But higher education institutions don't know where the minister is getting this idea from. “In principle, the quality plans are simply being followed”, states Pieter Duisenberg, Chairman of the Association of Dutch Universities (VSNU). “Because of the corona crisis, we do incur a lot of costs, of course. But that money is not coming from the quality agreements”.

According to him, most of the quality plans can go ahead, which means hiring more teachers, having better supervision, and offering smaller-scale education. “That is also what is needed in a pandemic. But there is something going on with the funding of university education. We are 1.1 billion euros short and the funding per student is becoming ever smaller. The money from the loan system has only slowed down that decline a little”.

Quick decision
Could representative bodies such as the VSNU really have a say in discussing such adjustments? Higher education institutions say yes. “This was different at the beginning of the corona crisis", explains Karl van der Linde, of the Representative Participation Foundation, an organisation supporting the participation of students at universities of applied sciences. “Back then, the board sometimes had to make a quick decision and consultation wasn't always good”.

But plans do get modified, he believes. “Many good plans get thrown in the bin, that's our suspicion. After all, the corona crisis costs a lot of money. A demonstrable improvement in education is simply not going to happen now. The universities of applied sciences have to pull out all the stops to keep the classes going”.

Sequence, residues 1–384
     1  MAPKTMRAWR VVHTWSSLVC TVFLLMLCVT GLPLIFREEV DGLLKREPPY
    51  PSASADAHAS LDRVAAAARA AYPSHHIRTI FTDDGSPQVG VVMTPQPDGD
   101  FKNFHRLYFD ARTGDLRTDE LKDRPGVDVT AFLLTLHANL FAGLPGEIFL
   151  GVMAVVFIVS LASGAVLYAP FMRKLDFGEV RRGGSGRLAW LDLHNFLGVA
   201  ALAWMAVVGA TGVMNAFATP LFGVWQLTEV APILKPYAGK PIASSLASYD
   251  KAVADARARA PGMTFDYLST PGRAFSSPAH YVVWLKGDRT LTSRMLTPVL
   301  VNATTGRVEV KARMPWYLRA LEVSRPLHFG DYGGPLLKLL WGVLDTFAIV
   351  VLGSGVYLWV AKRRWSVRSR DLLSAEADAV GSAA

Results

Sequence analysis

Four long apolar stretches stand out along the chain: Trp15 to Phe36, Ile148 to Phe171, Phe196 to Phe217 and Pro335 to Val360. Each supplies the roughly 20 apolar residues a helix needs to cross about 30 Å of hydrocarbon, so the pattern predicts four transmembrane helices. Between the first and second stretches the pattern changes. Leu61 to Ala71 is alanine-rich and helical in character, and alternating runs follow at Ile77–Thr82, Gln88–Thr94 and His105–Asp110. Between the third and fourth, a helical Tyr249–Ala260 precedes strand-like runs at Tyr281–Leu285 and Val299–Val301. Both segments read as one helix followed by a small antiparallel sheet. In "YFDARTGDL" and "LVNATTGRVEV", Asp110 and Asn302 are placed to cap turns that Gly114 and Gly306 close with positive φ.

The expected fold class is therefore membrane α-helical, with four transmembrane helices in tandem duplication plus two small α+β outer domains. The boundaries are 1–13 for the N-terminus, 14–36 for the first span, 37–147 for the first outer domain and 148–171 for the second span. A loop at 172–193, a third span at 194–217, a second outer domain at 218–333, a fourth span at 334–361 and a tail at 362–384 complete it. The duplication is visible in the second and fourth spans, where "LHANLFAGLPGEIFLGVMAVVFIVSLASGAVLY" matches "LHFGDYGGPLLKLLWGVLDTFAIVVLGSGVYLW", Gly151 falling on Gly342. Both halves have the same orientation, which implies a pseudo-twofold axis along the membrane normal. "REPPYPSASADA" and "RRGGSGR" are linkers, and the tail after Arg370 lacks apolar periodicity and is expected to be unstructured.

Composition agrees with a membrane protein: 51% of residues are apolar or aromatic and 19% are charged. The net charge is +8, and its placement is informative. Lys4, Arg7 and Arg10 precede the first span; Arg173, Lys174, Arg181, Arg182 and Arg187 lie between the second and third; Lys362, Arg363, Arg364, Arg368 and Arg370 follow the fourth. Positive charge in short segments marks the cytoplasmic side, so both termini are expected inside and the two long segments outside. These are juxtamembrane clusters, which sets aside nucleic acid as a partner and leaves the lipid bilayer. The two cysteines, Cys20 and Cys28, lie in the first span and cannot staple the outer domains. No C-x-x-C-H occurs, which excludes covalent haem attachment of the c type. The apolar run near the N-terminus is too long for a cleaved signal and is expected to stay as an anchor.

The money from the basic student grant was never intended to cushion such blows, he adds. “The next minister of education will have to do something about that”.

UU's quality plans
At research universities, it sometimes seems that no money from the quality agreements should be given to the ICT department. Stijn van Uffelen, of the The National Assembly of University Parties (LOF), heard such a rumor last week. “A student from a faculty council proposed to spend part of the money from the quality agreements on ICT, but that's not allowed according to the rules, so the plan didn't go through”.